So how did Lidio Carraro become the leader in Purist Natural Wine in Brazil? According to daughter, Patricia Carraro, who welcomed us to their small charming home to taste wine, “In the 1990’s my father, Lidio, became upset with the types of wines that were being made globally.  He called them Coca-Cola wines and said he didn’t want to produce wines that all tasted the same.” Therefore, the family decided to adopt a very purist philosophy, similar to what was being made in northern Italy in the 1800’s.

Today this purist philosophy fits perfectly into the “natural wine movement,” because Lidio Carraro produces their wines in a very natural fashion.  The vines are farmed organically with all work done by hand. Grapes are picked by parcel and fermented with natural yeast. There is no fining, filtering, or additions, and all wines are aged without oak. This results in wines with very pure fruit and earthy notes, and sometimes with the slightly cloudy texture that is desirable in natural wines. Each vintage is unique, and so the wines exhibit the influence of each year’s distinctive climate.

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The Carrano Family in their Vineyard. Photo Credit: LC Website

A Team of Powerful Wine Women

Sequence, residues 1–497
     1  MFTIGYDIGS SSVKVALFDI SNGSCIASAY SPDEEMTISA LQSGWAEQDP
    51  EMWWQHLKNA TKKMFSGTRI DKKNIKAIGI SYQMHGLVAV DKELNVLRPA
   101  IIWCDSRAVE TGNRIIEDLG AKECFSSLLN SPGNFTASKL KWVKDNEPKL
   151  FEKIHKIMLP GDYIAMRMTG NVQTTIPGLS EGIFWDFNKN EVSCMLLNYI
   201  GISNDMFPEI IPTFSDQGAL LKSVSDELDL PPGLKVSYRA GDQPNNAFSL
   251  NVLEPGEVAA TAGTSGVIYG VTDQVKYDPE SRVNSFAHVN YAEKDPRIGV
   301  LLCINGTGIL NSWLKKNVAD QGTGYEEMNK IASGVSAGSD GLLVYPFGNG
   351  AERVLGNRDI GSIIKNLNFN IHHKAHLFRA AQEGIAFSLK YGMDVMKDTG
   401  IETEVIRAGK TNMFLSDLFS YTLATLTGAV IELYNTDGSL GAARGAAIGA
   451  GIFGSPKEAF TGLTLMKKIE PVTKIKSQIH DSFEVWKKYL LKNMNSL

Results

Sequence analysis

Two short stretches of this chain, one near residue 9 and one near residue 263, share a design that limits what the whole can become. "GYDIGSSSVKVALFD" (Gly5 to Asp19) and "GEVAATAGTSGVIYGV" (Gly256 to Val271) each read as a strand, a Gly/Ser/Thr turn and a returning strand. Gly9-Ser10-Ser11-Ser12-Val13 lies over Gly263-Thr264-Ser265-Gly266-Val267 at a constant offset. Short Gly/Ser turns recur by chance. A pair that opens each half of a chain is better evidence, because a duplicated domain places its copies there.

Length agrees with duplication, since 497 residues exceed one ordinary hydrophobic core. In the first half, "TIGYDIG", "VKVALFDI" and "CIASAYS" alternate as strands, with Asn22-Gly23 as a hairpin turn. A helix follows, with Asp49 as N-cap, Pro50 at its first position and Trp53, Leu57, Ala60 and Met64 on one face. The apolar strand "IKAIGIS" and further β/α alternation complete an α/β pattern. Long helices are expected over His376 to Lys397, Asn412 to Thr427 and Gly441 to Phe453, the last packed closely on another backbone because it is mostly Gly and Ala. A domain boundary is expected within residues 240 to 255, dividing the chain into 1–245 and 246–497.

Though I have visited wineries all over the world, and have received extremely friendly welcomes, I must admit that Lidio Carraro was one of the friendliest wineries I’ve ever encountered. As I walked up the short flight of stairs to the old family home and into the living room, which was set up as an informal tasting salon, I was literally welcomed with open arms by four women. These included Mama Carraro, daughter Patricia, Export Manager, Monica, and Hospitality Manager, Leticia. They proceeded to entertain us with stories of the winery, their travels, and a fabulous line-up of wines to taste.

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A Warm Welcome from the Lidio Carrano Team

I was extremely impressed with the overflowing passion and enthusiasm of Patricia Carraro, as she described the deep symbolism that was expressed in the logo of the winery and the individual names of the wines: